It’s a beautiful time of year – college freshmen, aglow with a new-found independence are headed home for the holidays to spend time with family, share stories of college life, hang out with their high school buddies, and above all, relax. The holidays are a few short weeks of comfort only home can provide before heading back to campus in the new year for part two of year one of “the best four years of their lives.”
But there’s a problem with this beautiful winter wonderland picture we paint. It isn’t true for many young people.
The truth is only about 40 percent of college students graduate in four years, and only 60 percent graduate in six. This means that a lot of hope-filled students who walked onto campus last fall with high expectations are headed home for the holidays holding the gloomy realization that college isn’t the “best time of their lives” after all. It means that Christmas, Hanukkah, Kwanzaa or whatever they choose to celebrate isn’t a relaxing intermission – it’s a stressful time where they must decide if they should stay in school or drop out.
Save the Christmas carols and holiday cheer for later, for many students who do choose to dropout this time of year, it’s time to be intentional and figure out Plan B.
As someone who grew up on a college campus, I was aware of what it took to succeed academically on campus by the time I reached my 18th birthday. I knew the rigorous academic course load would be harder than high school and made sure that when I came home for Christmas, my mother wouldn’t kill me when she saw my grades – the grades that would eventually lead me to the profession that she had been saving for throughout my life.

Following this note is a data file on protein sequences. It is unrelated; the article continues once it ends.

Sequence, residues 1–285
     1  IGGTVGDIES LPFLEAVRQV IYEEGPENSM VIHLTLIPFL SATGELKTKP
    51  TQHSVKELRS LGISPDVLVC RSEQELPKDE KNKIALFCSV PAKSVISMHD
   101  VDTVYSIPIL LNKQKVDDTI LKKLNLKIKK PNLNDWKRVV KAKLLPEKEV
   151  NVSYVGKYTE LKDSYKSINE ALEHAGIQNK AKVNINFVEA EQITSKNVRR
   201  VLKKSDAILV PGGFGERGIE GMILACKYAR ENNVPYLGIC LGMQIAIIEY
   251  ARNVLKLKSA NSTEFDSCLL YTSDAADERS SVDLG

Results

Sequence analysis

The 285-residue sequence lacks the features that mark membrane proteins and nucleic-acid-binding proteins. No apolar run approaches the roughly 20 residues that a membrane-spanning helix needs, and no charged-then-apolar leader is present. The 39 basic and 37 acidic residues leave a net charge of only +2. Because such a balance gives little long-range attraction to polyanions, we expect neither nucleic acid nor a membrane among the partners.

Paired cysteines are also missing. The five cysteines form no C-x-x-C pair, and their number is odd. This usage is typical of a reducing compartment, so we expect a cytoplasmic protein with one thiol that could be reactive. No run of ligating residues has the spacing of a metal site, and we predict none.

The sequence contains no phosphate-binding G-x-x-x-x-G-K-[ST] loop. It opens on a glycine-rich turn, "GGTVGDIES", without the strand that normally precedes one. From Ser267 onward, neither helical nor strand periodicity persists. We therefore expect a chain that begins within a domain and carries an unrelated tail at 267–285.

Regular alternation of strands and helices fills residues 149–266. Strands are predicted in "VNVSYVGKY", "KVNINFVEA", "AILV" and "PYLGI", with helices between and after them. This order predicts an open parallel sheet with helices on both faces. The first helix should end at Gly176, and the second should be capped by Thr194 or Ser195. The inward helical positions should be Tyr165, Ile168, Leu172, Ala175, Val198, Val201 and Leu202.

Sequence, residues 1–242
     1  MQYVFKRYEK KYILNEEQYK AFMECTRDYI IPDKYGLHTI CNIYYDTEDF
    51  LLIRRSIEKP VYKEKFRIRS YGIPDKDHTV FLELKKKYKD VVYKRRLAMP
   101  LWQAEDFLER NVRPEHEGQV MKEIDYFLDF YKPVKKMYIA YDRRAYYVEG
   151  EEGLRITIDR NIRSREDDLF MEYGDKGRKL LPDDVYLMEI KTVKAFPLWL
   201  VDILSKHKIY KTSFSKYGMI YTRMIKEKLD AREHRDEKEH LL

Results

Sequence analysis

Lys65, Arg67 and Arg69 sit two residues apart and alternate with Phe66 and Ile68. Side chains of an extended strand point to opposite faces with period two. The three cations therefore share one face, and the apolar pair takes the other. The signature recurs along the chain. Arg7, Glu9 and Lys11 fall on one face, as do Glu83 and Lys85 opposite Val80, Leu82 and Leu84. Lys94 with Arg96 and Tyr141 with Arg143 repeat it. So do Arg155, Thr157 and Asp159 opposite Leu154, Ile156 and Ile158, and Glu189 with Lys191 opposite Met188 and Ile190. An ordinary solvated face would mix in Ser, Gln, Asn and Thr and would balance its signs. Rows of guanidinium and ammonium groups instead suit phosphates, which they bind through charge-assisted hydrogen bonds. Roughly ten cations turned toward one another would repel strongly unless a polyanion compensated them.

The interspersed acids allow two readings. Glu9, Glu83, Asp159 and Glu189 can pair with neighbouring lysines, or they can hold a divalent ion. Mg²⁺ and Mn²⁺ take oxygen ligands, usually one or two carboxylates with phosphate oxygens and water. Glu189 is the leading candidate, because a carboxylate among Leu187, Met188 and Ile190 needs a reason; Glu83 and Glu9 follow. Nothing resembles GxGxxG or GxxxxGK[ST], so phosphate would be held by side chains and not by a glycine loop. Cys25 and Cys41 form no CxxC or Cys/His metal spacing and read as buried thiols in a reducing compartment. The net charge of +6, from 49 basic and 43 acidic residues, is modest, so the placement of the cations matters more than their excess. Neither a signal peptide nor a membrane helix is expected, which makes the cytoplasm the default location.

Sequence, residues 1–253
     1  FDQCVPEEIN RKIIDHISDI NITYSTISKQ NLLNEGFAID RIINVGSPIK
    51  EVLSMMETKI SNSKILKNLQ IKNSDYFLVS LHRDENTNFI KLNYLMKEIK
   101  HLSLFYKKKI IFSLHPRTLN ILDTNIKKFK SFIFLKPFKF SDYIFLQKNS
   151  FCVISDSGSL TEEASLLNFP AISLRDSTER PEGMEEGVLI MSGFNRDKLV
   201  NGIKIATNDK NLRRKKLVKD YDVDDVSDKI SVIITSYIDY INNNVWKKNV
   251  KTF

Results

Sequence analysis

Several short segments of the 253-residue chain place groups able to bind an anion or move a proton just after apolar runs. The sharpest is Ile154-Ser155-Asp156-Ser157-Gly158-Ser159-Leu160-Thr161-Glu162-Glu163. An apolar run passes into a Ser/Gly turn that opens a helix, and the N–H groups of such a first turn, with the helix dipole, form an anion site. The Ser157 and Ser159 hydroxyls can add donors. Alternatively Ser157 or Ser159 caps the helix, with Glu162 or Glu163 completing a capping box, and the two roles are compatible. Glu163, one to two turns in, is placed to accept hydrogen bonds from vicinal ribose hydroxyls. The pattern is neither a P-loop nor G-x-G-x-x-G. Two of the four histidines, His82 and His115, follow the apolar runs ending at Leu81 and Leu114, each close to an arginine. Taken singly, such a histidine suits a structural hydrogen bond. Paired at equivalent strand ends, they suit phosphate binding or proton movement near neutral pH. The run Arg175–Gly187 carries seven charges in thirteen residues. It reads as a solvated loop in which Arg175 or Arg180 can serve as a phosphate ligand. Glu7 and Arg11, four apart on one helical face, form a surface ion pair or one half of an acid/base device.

Reality check: I’m still alive and I didn’t disappoint her, but here is where things get interesting. The students who drop out of college freshman year don’t disappoint their moms either!
Breaking news - It’s not about grades…
According to a recent Harris Poll, 62 percent of freshman reported that they were not socially or emotionally ready for college. That’s the majority, folks.
It’s fair to assume that a fair amount of the students who drop out after their first semester don’t lack the grades needed to stay in school or even keep their academic scholarships. Maybe they spent so much time preparing academically that they didn’t spend the proper time to explore what they want to use their college education to do in the world. Maybe they just don’t know what they’re doing on campus in the first place. And just maybe, the price of tuition is too much weight on their back, making them feel stuck with only one option left – to get out!
Here’s what I am trying to say to parents, friends, and families of college freshman who haven’t had the best year ever so far:
There’s a lot of gift giving during the holiday season, but this year before you give some material object that your loved one might throw away or break, start by giving them the gift of asking the right questions. Ask them why they are in school. Ask them if they are happy. Ask them if they know what they want to do and if so, do they need a degree to make it happen if school is not a supportive environment. Ask them if they would benefit by taking time off or deferring for a semester.
College is not the only way to success nor is it important to graduate in four years after high school. Don’t waste money by spending six years paying tuition just trying to get a bachelor’s degree. Spend the holiday season figuring out what’s best for you and start to plot your course of action.